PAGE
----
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This is a forum to discuss the gray areas of the English language for which you would not find answers easily in dictionaries or other reference books. You can browse through the latest questions and comments below. If you have a question of your own, please submit it here.

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Does that grate on anyone else’s ear? Is there, say, a “simplistic” analysis that is OK, but go a step beyond that and you have “over-simplistic”? Here’s an expert on computing platforms quoted in a NYTimes blog (6 Sep 2013) on Google’s cloud-computing expectations: “It’s an admission that their original vision was over-simplistic....” And that’s hardly a rare instance.

At my current favorite online dictionary,, there’s a note to their definition saying, “Usage: Since simplistic already has too as part of its meaning, it is tautologous to talk about something being too simplistic or over-simplistic.” That doesn’t seem to stop folks from using it, though!

I know there are other similar tautologies in use today, so maybe other posters can bring some up.

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Please look at the following examples:

a) The plants died.        ( an event - intransitive verb)

b) The plants were killed.   ( event -passive verb)

c) The plants were dead.  ( state - adjective)

d) The plants were withered  (state? - adjective?) 

e) The plants were withered by the sirocco. (event? - passive)

f) The plants shrank. (event - intransitive verb)

g) The plants were shrunk by the dry wind (event - passive)

h) The plants were shrunken. (state - adjective)

and finally:

i) “I was bored” - is this a passive or an adjective, an event or a state?

Is it ambiguous, context-dependent or a case of “unmarked-grammar”?

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Which is correct; If the current owner WERE allowed to have an auto body shop of if the current owner WAS allowed to have an auto body shop? I am questioning whether Owner should be with WERE or Owner should be with WAS?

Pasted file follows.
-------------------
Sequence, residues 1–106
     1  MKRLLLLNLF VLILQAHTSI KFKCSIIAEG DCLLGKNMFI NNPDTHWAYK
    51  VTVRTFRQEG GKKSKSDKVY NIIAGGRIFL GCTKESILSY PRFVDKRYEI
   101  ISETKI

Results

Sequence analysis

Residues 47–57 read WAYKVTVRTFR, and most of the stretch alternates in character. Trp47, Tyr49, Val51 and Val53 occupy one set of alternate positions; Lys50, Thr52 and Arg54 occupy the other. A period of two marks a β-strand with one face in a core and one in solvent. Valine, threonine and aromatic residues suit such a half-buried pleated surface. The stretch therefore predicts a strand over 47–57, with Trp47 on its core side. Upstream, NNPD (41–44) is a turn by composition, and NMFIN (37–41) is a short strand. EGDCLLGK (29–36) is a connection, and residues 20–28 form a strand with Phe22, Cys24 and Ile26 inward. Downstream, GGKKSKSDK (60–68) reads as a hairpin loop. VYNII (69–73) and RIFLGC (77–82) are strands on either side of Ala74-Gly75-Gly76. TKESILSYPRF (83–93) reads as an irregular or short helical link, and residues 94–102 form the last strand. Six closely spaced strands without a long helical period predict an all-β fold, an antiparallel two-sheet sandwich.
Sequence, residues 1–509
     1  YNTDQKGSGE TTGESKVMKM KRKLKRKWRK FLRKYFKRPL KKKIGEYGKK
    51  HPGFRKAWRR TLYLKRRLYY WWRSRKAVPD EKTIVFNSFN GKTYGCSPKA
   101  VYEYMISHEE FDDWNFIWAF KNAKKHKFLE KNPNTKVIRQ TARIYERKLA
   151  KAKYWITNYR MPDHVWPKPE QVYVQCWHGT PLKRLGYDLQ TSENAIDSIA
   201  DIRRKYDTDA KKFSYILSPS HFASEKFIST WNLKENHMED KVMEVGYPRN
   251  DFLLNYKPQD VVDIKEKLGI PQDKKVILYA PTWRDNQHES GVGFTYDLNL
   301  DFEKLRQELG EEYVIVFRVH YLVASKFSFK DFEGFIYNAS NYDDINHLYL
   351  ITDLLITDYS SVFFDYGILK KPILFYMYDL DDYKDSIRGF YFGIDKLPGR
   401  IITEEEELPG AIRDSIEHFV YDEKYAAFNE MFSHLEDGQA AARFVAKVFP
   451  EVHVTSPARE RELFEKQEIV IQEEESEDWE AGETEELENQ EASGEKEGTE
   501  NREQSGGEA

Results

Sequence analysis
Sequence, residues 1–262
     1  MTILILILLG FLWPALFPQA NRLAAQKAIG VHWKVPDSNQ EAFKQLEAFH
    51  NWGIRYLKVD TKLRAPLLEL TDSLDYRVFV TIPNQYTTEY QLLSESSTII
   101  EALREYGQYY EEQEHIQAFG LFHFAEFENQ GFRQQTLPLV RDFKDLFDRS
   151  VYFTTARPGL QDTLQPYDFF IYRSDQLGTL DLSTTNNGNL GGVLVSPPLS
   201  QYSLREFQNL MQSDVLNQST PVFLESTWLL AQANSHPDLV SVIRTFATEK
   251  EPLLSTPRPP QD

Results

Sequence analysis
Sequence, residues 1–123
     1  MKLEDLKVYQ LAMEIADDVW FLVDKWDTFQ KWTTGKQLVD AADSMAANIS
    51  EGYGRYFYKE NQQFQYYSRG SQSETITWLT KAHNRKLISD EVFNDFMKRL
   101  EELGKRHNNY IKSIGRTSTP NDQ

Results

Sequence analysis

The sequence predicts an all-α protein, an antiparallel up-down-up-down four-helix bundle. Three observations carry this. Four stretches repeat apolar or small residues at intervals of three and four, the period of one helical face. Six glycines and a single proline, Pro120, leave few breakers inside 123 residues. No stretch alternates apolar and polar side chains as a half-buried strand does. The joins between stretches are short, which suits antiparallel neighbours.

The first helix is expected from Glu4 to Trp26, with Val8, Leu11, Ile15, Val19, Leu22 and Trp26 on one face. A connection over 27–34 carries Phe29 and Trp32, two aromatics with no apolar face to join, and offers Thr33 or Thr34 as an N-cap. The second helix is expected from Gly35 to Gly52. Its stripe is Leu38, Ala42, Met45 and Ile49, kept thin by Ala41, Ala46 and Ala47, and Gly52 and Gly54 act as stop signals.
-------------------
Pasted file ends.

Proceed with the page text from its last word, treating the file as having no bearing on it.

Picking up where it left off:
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Aside from being accurate in quoting from Highlander I had never really given much thought to the construction of this phrase, but I recently overheard a discussion in which one of the protagonists was adamant that there is a subtle difference in meaning between the two versions.

His reasoning was beyond me and I will not repeat it here for fear of tainting your views, however it did pique my curiosity.

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This word has been driving me crazy. Figuratively speaking, I have been having an argument with my Word program about whether the adjective can act attributively or not. The sentence I had was something like this:

“The chary receptionist refused to permit the man into the offices upstairs.”

To begin, my Word program underlines chary with the green squiggle and states adjective [mis]use. I ran it through another grammar checker and it came back as commonly confused words. After a little research, I found that that word was wary. I consulted several dictionaries:

My Concise Oxford English Dictionary: chary- cautiously or suspiciously reluctant.

The dictionary program on my computer: chary- cautiously or suspiciously reluctant to do something.

Wiktionary: chary- Cautious; wary; shy

The first two dictionaries, specifically my computer’s, noted the phrase “chary of”. I then proceeded to see if there was an entry in my Webster’s Usage Dictionary. Luckily it was there, but all that it revealed to me was chary being molded into “chary+preposition”. Receiving no help, I tracked down another site that stated that the difference between wary and chary is “very slight”. However, I returned and checked wiktionary’s quotes and found two of Shakespeare using it in the way that I did but with the word’s superlative form:

“The chariest maid is prodigal enough

If she unmasks her beauty to the moon.”

My first more germane question is are chary and wary interchangeable? Or does chary simple live in the restricted phrase “chary + preposition”. This leads to my second question. Do certain adjectives only live within certain, restricted phrases?

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I’d like to ask your opinion on the following sentence:

“I have gone to X High School since I was fifteen years old.”

A student recently asked me whether or not this sentence was grammatically correct. I said that it sounded correct to me, but I couldn’t answer with confidence.

I understand that, if we are talking about our experiences and completed trips, we use (the past participle) ‘been’ instead of ‘gone’. (For example, ‘I have been to California.’)

But what about ‘go’ in the sense of ‘to attend’? For example:

A: What school do you go to?

B: I go to X High School. I have gone to X High School since I was fifteen years old.

I understand we could phrase it a different way, for example:

“I have been at X High School since I was fifteen.”


“I have been going to X High School since I was fifteen.”

But I am specifically interested in the use of ‘have gone’ here. (Not least because there are situations when ‘been at’ might be inappropriate. For example, the below sentence sounds wrong to me:

“I have been at cookery classes since I was a child.”

I think here I would prefer to say:

“I have gone to cookery classes since I was a child.”)